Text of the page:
Monday, November 02, 2009

Better Assessment with Technology - The Shlenker School

One day last week I couldn’t teach my 5th grade class and my supervisor, Nancy Pryzant Picus, covered for me. The next day I received the following from her with the suggestion that I post it on the Avi Chai blog, as it describes her impressions of the way the students use the new technology and the changes it is making in their learning:

I just wanted to let you know how much I enjoyed teaching your class the other day. What struck me, in particular, was how accustomed the students were to hearing and speaking Hebrew throughout the class—even talking amongst themselves. They addressed me in Hebrew (albeit, with occasional prodding) whenever they needed help, and made an effort, both orally and in writing, to communicate well in Hebrew.
I also noticed that the students were eager to use the MP3 players to record the answers to the comprehension questions you left for the story they had read. They clearly knew how to use them (evidence of your careful instruction), and were comfortable speaking. I know that you had also intended to use the MP3 players to differentiate instruction for your third and fourth grade classes, where the students are more heterogeneously mixed. As I recall, you were going to record different sets of questions for different students. I know that you were having some trouble getting the players to work properly—is that one goal that’s had to wait due to “technical difficulties?”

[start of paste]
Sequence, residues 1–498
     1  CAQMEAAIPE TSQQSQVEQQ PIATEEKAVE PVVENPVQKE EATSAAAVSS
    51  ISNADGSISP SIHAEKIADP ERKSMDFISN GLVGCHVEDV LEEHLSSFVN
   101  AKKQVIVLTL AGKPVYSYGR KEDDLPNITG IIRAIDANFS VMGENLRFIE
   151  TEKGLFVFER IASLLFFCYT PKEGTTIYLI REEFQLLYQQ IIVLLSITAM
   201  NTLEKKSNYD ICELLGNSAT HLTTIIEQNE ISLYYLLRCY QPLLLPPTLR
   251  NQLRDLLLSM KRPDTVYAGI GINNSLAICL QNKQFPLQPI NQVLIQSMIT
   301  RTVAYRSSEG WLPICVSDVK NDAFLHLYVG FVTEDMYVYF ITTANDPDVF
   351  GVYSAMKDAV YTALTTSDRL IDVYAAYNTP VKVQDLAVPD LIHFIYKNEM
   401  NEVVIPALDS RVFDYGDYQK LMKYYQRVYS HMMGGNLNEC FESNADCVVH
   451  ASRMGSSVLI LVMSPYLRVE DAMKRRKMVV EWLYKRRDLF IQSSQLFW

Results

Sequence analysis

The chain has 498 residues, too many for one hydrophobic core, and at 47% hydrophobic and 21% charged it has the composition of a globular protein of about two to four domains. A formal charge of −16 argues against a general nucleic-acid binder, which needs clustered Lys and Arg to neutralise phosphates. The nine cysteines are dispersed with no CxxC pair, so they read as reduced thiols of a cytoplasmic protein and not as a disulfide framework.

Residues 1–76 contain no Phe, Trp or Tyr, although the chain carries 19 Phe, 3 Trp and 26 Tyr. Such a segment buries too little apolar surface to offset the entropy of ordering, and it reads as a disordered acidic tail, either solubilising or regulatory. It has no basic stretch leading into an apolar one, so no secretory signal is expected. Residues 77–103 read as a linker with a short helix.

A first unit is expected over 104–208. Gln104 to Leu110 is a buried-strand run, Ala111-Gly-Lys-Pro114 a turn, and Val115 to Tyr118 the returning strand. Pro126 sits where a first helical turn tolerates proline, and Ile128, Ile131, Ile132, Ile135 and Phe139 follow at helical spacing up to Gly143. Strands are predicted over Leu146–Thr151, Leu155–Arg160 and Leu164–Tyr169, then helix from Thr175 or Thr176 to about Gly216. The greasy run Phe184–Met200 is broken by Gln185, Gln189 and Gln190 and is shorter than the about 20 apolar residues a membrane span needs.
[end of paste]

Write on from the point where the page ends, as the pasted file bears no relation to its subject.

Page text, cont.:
I know that one of the goals of your grant was to increase the children’s ability to express themselves orally in Hebrew. Although my experience is based on my memory of past years (rather than hard data), I believe you are well on your way to meeting that goal! Kol hakavod!

Nancy Pryzant Picus
Director of Jewish Learning

As for the difficulties we are having with the MP3 players – the function of listening to anything recorded is totally unreliable, so while I have plans to record assessment questions as described these plans are on hold for now. But the glass IS half full, and problems are there to be solved…

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